Take two otherwise identical ratings:

Capability - 4
Real World Experience - 3
Teaching Ability - 5
Time Management - 4
Cost - 3
3.8 Average

Capability - 4
Real World Experience - 0
Teaching Ability - 5
Time Management - 4
Cost - 3
3.2 Average

Obviously, there could be larger or smaller disparities.

I believe the scores should be weighted, capability and teaching ability having the most weight, followed by RWE, cost, and time management. The cost/time aspect is interesting because the two come together to provide a value statement based on the other three, but when looked at individually, they don't necessarily provide an accurate picture.

An instructor here on the east coast could have extremely low operating costs and be compared to someone on the west coast with extremely high operating costs. Now, if you have the time, money, and inclination to fly or drive all over the U.S., then maybe saving a few bucks on your course makes sense, but if you are trying to take a two-day and have it within driving distance, then you are stuck choosing between instructors with artificially low ratings. The same two instructors above could have a spread of more than one point, depending on cost and experience, despite being able to deliver the same content.

Time management becomes an interesting evaluation criteria as well. Do we score it separately or as an aspect of the cost? It's an intersection of the cost of the course and the value of the trainee's time. If a course costs $100/day but takes five days to deliver the same content as a $400/day course can deliver in two, which one is more valuable?
I don't think that the idea of averaging the scores is to dictate so it's necessarily better but more who MAY provide more bang for your buck. I don't think that the categories need to be weighted, mainly because anyone who is actually searching intelligently for instruction will decide personally the which of the categories mean more to them than the others.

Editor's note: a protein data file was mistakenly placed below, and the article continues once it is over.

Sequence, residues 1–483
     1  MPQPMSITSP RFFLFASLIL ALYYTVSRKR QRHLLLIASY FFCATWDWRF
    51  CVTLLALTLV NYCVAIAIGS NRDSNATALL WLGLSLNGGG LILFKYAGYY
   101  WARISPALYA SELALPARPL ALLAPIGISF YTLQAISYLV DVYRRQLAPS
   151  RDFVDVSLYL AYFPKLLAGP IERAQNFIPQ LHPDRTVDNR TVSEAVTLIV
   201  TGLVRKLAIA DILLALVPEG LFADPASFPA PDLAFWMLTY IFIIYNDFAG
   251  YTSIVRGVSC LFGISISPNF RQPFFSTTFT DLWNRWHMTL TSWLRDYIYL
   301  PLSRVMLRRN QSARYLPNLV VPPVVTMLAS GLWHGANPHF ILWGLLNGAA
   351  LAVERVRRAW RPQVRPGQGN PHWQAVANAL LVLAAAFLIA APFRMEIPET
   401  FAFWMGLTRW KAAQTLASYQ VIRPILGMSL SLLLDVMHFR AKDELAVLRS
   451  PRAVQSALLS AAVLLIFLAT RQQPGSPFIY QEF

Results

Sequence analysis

I totally agree that teaching ability essentially trumps rwe. Instruction requires instruction.

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#26
Sorry for the double post. I haven't been on forums in a while and it seems I can't edit previous posts.

I think it is critical to define the criteria for each category. We have each of these categories and I think we all generally understand what they mean, but can somebody absolutely define them so that we can all be on the same page.

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#27
Isn't time management a kinda, sorta a subcomponent of teaching ability? A teacher could be great at conveying a point or making things click, but if he's disorganized, ineffecient and spends half his time telling war stories or looking at his phone, then it would be reflected in teaching ability.

Just a thought.
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This whole thing will never get off the ground (nor will the FTA.)

1) If a person cares enough to discover a rating body exists and can look up the instructor rating, he's probably already online and reading reviews and doesn't need to be told that Voda is a joke and Yeager is questionable.

2) Who's paying for the electoral college to fly around the country and review classes? (Secretly, I presume, restaurant-critic stye as that's the only way to get a true feel for the class.)

3) Why will the electoral college be any better than the "5 Founders"? They will naturally have their own biases, regardless of how they are selected. P&S has it's one little clique. If you make this a P&S thing, forget about it. YOu'll have to get a wide, wide cross-section of the firearms training community to reduce the bias and

Most importantly...

4) Where's the demand? The public is not clamoring for a rating or reviewing body. The only people I ever see talking about the need for a rating system or instructor accrediting body are those that are already educated about instructors but are annoyed that some people choose to train with 'inferior' instructors. So the people that want this are the people that don't need this. The people need it are those that don't know that they need it and don't care.
 
#28
I second this method. I like the subcategories being averaged into an over all rating. the only thing I would add is that we clearly define what is being looked for in each category and examples of proper scores.

It reminds me of how we evaluate rookies while in FTO. every category is scored and all FTO's are on the same page as what is expected and how we grade. (or as much as we can be all having different personalities and pet peeves.)